Stock Margin Accounts

A margin account is a special brokerage account that allows the account holder to borrow money from the broker for investment purposes, with the equities and other holdings serving as collateral. Creating a margin account usually requires the execution of a special margin agreement, which sets the conditions by which the account holder may borrow and the broker may collect.


  • A margin account is the most common way for the average retail investor to obtain leverage on their initial deposit, possibly increasing their profits significantly. It also creates revenue for the broker because they often collect a modest rate of interest on the margin loan. These are almost always good loans for the broker because they are secured by the asset value of the account, making collection fairly easy.


  • According to Regulation “T” of the Federal Reserve Board, investors can borrow up to 50 percent of the purchase price of securities through a margin account. Individual brokers may set forth additional restriction or regulations in the margin agreement. The agreement will also set forth a minimum maintenance level, usually in the vicinity of 25 percent, and usually reserves the right of the broker to change this level at any time.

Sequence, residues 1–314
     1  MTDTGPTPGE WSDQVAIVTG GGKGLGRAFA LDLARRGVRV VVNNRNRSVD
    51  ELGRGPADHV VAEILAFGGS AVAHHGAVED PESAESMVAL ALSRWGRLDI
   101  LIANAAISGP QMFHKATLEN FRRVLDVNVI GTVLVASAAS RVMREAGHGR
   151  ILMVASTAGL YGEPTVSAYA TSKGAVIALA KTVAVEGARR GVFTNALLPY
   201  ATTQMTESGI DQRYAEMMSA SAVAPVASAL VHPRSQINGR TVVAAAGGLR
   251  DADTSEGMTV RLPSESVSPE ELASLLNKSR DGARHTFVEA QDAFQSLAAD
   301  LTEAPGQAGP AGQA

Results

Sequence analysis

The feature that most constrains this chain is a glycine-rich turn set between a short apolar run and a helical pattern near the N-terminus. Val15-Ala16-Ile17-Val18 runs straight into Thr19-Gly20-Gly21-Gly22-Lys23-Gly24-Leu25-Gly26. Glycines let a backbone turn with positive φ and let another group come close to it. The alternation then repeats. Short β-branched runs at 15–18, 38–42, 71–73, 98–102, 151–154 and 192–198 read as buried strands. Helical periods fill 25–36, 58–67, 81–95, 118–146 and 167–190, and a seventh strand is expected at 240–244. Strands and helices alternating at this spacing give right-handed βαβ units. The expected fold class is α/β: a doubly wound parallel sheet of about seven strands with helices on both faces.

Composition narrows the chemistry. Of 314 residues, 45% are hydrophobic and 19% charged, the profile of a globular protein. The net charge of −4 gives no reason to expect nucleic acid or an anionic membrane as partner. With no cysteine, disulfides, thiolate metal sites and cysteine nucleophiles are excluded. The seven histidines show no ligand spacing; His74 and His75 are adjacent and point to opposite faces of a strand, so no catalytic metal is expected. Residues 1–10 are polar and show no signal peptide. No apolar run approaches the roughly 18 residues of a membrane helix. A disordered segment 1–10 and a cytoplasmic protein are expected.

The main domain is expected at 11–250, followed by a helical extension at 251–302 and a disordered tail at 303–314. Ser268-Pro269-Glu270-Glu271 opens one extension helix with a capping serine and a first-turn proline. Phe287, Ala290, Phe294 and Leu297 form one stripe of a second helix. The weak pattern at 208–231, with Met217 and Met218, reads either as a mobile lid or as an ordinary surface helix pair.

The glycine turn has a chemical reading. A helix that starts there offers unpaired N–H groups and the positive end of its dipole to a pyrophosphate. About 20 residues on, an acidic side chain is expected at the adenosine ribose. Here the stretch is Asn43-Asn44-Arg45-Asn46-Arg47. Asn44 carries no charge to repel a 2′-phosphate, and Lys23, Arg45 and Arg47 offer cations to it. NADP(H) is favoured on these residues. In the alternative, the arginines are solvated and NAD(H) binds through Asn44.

• While a margin account can increase an investor’s buying power and profitability, it can also intensify the risks. Margin accounts allow the broker to liquidate assets in a portfolio without notice if the account value falls below the maintenance level. Though the account holder may, in some case, be given an opportunity to satisfy a “margin call” before the broker takes unilateral action, if assets are liquidated, they cannot prioritize which are sold first. And, because the margin call usually occurs when assets are below normal valuations, holdings are often sold for less than what the account holder may have otherwise accepted.


  • Another effect of executing a margin agreement is the ability to make short sales. Shorting a stock creates a liability to buy the stock back at a future date. If the price is lower, the short seller keeps a profit. If the price is higher, however, the difference is a trading loss. And, because there are no limits to how high a stock can go, short sales theoretically infinite risk of loss. As a result, most brokerages will require a margin agreement to allow short sales and treat them as a loan.


  • In some cases, a margin agreement can result in an investor having a negative balance and owing more than their initial deposit. This occurs if the total asset value of the account falls below the amount of the margin loan. The broker will sell whatever assets it can and debit the account holder for the remaining amount due. Trading on margin, therefore, carries significantly more risk than normal investing and can result in an account being completely wiped out or worse. If the broker is forced to litigate as part of the collections process, or take on other costs, the margin agreement will usually stipulate the account holder is also liable for these additional expenses.